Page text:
Hello Saul and everyone. I am wondering how you all interpret and potentially use this data in directing your investments. I am a long term holder of stocks but find the data compelling.
Please see this article and chart here: http://www.businessinsider.com/stocks-more-expensive-2014-12…
It basically shows that stocks- as measured by CAPE- are at their highest valuation and PE in history other than 1929 and 2000. It seems reversion to the mean is inevitable but wondering if anyone uses this data in their decision making.
Thank you for any input.
Two questions worth asking:
1.- Is CAPE accurate and relevant today?, and
2.- Are you buying the market or individual stocks?
I have read somewhere a critique of CAPE than contends that it does not reflect the current reality. Unfortunately I don’t have a link and I don’t recall the details of the argument well enough to reproduce here. It centers on the idea that the character of the market has changed. In any case, don’t take CAPE on faith. Check it out before you do.
Staying out of markets for one reason or another can be good or bad. It was bad in 2009. But more to the point, there are always bargains somewhere, the trick is to find them. The reverse is also true, find the overbought stocks in your portfolio.
Another point. The world and specifically the US is a safer place than it used to be. None of todays enemies even approach the power of Hitler or Stalin, or even the Kaiser. Thus P/E should be higher.
In other discussions of this issue on other boards, one of the points is that accounting standards have changed meaning that more is considered a GAAP expense meaning that the E is lower without there being any real change in the economics of the company.
Cash as a percentage of assets,
Many companies are collecting cash with the sole intention of returning it to shareholders or reinvesting it back into the company.
This is one aspect that completely differentiates the current all-time highs from previous tops in 1999 and 2008. To put it simply: there’s just more cash now than there ever was. Take one more look at this chart. You’ll notice that cash as a percentage of assets was much lower in 1999 and 2008 than it is today.
Very different from 2000, for example.
Dividend Payout Ratios Reach 15-Year High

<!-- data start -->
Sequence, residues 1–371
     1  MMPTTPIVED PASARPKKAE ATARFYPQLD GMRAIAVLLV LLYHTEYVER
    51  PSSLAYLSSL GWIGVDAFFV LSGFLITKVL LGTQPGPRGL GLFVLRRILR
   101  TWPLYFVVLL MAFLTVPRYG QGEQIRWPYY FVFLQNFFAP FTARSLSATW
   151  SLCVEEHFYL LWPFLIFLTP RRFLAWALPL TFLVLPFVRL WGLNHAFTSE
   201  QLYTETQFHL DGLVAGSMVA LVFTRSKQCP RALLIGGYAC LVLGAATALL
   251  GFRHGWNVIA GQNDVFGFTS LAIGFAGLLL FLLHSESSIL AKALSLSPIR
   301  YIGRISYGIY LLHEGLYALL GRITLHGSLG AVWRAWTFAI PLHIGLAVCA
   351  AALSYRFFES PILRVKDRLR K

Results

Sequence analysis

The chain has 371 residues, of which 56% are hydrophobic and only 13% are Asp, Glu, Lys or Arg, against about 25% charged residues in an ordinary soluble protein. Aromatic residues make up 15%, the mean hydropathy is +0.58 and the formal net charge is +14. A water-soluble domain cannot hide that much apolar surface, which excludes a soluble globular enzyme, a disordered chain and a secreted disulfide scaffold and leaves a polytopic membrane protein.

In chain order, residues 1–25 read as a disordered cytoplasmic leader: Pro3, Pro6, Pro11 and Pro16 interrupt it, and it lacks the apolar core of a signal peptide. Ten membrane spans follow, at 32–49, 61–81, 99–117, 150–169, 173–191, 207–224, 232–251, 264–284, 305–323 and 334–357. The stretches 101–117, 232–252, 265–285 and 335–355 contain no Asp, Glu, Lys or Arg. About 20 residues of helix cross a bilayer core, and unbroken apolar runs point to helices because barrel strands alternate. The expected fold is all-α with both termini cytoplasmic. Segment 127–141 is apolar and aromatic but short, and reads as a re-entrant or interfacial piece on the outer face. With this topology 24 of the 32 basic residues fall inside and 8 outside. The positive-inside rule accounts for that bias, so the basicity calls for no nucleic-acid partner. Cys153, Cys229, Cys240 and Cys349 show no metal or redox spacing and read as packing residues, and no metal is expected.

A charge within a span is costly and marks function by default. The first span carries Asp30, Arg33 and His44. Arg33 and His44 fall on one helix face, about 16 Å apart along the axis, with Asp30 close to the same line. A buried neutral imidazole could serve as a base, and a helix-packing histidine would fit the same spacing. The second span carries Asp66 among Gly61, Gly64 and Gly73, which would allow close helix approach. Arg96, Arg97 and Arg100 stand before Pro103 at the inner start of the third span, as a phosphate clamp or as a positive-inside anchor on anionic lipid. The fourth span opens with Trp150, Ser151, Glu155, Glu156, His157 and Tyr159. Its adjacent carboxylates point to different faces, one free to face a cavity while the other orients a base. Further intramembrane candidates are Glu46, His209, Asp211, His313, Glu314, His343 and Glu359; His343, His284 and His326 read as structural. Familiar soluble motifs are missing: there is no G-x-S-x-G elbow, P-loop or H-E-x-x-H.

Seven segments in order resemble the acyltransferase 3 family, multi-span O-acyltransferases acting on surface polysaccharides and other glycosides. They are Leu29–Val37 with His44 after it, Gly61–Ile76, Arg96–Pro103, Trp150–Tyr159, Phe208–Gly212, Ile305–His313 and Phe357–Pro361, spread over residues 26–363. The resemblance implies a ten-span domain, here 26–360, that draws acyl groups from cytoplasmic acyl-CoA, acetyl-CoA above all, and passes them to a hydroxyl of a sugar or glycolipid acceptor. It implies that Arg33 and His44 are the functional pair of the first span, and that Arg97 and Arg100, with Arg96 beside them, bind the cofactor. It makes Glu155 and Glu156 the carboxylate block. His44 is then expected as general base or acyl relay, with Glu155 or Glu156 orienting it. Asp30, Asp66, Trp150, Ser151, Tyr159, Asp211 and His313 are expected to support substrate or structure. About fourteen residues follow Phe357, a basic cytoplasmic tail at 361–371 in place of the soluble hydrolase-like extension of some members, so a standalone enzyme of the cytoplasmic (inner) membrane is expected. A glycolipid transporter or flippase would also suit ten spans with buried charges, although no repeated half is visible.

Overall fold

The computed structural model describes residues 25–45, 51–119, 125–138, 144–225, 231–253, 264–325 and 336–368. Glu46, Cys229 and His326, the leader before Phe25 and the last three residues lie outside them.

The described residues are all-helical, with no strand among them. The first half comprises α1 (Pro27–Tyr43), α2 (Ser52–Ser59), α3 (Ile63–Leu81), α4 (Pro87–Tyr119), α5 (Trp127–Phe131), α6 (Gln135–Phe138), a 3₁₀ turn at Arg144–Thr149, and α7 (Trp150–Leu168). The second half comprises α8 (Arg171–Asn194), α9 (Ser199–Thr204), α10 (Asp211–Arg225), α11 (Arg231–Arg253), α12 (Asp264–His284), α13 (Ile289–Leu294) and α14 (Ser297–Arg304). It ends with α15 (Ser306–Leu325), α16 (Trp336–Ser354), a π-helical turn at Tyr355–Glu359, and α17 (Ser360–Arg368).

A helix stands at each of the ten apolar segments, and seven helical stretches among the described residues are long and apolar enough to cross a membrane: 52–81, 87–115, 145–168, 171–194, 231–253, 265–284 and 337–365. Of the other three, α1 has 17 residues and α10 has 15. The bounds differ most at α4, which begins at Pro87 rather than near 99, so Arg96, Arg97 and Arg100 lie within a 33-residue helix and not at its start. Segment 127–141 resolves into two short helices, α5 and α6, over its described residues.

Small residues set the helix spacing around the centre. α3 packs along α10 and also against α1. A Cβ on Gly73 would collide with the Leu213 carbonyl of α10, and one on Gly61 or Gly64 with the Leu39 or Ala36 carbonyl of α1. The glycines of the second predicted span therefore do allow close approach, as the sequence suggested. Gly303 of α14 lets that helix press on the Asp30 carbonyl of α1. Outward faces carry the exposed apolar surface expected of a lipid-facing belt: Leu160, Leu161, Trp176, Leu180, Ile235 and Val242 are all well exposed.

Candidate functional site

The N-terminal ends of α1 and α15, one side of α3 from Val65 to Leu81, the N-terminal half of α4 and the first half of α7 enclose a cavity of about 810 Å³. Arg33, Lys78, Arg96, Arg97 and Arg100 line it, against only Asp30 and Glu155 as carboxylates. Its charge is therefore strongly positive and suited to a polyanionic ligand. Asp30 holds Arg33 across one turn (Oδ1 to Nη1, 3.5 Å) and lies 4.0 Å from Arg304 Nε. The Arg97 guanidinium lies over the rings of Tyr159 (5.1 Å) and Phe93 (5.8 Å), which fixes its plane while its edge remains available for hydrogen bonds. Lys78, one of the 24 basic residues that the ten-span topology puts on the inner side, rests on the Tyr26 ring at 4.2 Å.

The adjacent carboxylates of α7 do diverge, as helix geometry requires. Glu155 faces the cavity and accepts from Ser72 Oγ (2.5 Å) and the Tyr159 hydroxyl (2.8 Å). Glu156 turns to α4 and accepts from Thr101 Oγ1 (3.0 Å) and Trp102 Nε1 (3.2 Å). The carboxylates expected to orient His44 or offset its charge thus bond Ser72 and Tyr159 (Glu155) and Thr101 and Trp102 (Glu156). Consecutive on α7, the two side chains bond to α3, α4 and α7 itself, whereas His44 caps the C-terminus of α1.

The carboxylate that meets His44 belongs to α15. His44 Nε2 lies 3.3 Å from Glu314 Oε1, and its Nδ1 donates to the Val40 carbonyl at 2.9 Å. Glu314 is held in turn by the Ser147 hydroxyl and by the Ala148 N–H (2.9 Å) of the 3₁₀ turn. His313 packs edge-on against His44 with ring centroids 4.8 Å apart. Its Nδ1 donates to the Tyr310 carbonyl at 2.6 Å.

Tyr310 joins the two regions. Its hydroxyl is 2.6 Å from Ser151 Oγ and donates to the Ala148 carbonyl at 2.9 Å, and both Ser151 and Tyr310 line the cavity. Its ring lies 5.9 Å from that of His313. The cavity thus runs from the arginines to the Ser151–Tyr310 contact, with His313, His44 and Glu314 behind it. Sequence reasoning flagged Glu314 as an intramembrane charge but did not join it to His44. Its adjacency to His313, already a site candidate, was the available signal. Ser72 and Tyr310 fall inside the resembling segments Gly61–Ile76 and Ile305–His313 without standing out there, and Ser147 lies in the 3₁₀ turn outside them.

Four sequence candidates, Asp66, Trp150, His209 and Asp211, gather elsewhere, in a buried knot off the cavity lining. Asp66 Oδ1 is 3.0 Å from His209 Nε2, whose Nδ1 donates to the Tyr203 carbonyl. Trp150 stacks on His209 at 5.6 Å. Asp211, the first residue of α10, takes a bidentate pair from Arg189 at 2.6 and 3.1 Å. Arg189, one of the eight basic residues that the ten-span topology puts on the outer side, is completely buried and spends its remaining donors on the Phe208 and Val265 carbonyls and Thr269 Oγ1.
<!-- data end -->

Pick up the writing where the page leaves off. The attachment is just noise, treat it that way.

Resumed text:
And of course the share buyback craze. Dollar volume up over 300% since 2009. Hopefully that will end better if no repeat of 2008 any time soon as companies were also rapidly increasing share buybacks to about these levels before the collapse. Harvard Business Review article showed the buybacks did not work out well as far as capital appreciation went for the 10 biggest buyback companies 2002-2012. Don’t expect a repeat.
Still, show me the cash is my preference despite the taxes. So maybe one reason shares not as overvalued as they might seem. Then again, might just be another example of confirmation bias, my bias is that stocks will go higher 2015.
I think stocks are going to crash eventually, I just don’t think they are going to crash yet and there is substantial upside still. I generally align with Steve Sjuggerud on the subject. http://www.dailywealth.com/2911/this-bull-market-is-not-over….
A few points that I think are salient on the matter:
(1) The actual P/E ratio is high, but not “bubble” high. The P/E10 ratio may be a bit deceptive in this regard because we are coming out of one of the biggest recessions in history, which depressed the earnings from 2008-2012 – five of the last 10 years. So the P/E10 has the worst recession in our lives baked in. Current P/E or P/E4 or something may be a bit better of a measure. Also, corporations are saving massive amounts of money through automation; which is driving earnings higher the last few years, so the last 10 may be last representative of what is going forward.
(2) Interest rates are extremely low; this drives up valuations because there is a lot more capital to invest and people are plowing it into the market. One indicator to look at is the S&P 500 P/E + the interest rate. Right now that is 17+2 = 19. Which is below the peaks of
(3) Cash on the balance sheet should drive P/E higher. If I like stock B, selling for $10, but it has $5 on the balance sheet, then I should be thrilled even if it only makes $.50 per year.
Again, I think we are closer to the end than to the beginning, but think there is substantial upside from here.
I enjoyed the article, thanks. Simple and clever way of looking at things.